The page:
A sisterhood, not a clique, made by ‘Joanne’

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There are so many things to remember about Lady Gaga’s concert in the Philippines during 2012 — the red meat dress and the human meat grinder prop, the prosthetics-filled face, the perfectly synced dancers, the club-feel of everything down to the crowd where some of them donned actual wood in their concert outfits.

But what stood out the most, at least for me, is Lady Gaga singing “Hair,” stripped off the beats and accompanied only by a lone piano. Before that, she drowned the Mall of Asia arena with a “love speech” meant for the protesters outside, requesting that the concert be stopped for having a “bad influence on the youth.” Those were the days when Lady Gaga’s song were entitled “Black Jesus + Amen Fashion,” “Bloody Mary,” and “Judas.” With one leg up a stool, she said the most inspiring things about embracing individuality and loving one’s self — a staple theme in her music.

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Bob Dylan is another sign of equality

“The times they are a-changin’.”

Nobel Prize announcements are always a surprise, but Bob Dylan winning a Nobel Prize for Literature may have been one that is not only surprising, but also needs to be justified. Veering away from the usual list of elitists and powerhouses like Gabriela Garcia Marquez and John Steinbeck, Bob Dylan may be the first Nobel laureate that is not only more famous as a musician than a writer but is also a household name. For conservatives that hold the Nobel sanctity, there is a kind of desecration for choosing among hundreds of nominees, a folk singer that “does not match the merit of those who have received the prize before him.” The 75-year-old contended with Syrian poet Adonis, who is considered as one of the most influential Arab poets in the modern era; and Kenyan writer Ngugi wa Thiong’o who has written in arrays of forms mostly tackling African diaspora.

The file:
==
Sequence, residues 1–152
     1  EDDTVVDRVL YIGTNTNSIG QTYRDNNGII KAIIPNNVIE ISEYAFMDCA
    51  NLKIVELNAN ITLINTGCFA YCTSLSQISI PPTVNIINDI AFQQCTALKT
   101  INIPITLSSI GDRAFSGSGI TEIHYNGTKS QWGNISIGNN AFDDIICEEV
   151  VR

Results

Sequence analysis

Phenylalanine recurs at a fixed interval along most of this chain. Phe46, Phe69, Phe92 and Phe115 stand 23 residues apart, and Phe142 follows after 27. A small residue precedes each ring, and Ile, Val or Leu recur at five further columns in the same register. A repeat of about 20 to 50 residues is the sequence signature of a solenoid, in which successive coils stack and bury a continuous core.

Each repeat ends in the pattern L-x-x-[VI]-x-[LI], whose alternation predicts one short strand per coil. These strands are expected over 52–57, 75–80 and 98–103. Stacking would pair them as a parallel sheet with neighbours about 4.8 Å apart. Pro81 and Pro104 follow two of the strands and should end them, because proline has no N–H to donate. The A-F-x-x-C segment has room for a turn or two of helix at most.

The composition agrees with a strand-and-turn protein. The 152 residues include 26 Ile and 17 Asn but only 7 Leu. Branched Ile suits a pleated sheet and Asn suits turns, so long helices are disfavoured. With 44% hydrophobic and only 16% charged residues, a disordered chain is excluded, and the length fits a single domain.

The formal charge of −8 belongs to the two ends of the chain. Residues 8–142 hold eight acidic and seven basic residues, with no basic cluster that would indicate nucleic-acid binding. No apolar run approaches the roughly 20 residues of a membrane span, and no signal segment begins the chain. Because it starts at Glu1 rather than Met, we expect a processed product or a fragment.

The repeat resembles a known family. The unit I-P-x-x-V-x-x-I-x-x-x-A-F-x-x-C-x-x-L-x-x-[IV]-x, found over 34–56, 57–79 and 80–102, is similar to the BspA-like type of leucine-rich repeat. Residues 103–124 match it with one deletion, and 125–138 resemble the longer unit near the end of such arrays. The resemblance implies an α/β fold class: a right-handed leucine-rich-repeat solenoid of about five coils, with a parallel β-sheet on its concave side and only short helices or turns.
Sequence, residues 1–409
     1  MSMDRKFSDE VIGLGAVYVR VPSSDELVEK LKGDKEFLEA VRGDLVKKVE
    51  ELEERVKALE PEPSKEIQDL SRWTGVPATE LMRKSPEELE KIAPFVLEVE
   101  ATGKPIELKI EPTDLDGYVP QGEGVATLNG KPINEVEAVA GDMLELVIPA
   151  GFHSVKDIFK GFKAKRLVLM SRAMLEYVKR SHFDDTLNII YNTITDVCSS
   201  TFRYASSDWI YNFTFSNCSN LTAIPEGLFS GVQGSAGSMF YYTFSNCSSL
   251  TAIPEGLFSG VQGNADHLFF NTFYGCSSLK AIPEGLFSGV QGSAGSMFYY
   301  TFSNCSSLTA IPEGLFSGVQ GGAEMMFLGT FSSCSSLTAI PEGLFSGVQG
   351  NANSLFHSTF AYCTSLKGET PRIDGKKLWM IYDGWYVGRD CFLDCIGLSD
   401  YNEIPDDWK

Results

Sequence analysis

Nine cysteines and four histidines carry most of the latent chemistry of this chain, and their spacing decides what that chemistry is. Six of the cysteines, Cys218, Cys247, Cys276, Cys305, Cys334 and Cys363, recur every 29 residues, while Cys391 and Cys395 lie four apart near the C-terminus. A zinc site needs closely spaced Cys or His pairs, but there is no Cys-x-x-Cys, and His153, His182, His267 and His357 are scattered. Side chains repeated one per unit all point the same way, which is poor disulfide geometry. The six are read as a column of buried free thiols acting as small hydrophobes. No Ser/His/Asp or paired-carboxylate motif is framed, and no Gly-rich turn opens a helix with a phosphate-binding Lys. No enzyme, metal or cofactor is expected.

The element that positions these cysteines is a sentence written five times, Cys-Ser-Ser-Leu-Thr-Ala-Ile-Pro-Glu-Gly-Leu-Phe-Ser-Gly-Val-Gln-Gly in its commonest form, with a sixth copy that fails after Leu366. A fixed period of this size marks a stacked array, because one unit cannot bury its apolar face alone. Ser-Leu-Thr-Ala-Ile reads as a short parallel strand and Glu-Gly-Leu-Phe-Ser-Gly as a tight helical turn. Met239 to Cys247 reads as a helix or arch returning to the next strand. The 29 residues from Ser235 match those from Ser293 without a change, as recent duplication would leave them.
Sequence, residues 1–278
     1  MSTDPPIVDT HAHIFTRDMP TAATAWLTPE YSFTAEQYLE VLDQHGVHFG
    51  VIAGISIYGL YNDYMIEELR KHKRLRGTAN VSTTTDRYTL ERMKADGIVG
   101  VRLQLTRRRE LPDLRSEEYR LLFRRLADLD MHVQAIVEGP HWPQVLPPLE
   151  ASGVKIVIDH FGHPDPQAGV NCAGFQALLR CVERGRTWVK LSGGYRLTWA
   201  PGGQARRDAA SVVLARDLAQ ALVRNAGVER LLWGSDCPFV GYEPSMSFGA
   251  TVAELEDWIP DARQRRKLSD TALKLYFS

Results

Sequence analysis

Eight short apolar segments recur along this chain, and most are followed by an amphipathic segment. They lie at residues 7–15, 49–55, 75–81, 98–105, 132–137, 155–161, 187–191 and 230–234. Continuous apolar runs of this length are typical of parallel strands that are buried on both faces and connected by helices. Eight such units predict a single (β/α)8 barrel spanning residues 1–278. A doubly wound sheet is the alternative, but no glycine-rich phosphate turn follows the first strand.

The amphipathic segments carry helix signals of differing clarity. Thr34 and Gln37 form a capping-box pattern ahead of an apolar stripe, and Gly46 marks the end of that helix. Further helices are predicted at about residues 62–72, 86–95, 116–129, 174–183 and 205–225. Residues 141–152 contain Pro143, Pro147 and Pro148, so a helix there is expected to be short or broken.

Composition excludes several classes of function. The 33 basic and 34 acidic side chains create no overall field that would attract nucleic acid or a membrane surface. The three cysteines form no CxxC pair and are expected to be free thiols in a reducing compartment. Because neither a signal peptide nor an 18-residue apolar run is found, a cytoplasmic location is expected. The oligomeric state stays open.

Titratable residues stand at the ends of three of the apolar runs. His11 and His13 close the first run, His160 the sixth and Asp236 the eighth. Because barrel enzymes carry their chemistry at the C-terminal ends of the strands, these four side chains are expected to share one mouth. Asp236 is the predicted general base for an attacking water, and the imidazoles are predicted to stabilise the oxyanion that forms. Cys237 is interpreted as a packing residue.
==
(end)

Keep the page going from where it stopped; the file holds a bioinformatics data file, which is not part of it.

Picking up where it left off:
Famous Filipino novelist F. Sionil Jose went so far as asking the Nobel committee to “explain.” Musician and poet Lourd de Veyra even tweeted what sounded like a disappointment.

Naturally, the flak is international. Novelist Rabih Alameddine also took his sentiments on Twitter, comparing Bob Dylan to a “Mrs Fields being awarded 3 Michelin stars.” Online magazine Slate even wrote an article explaining why Bob Dylan should not have been awarded the prize.

How can the life of such a man
Be in the palm of some fool’s hand?
To see him obviously framed
Couldn’t help but make me feel ashamed
To live in a land
Where justice is a game

Spectators of the Nobel ask, can music rise to the standards of literature?

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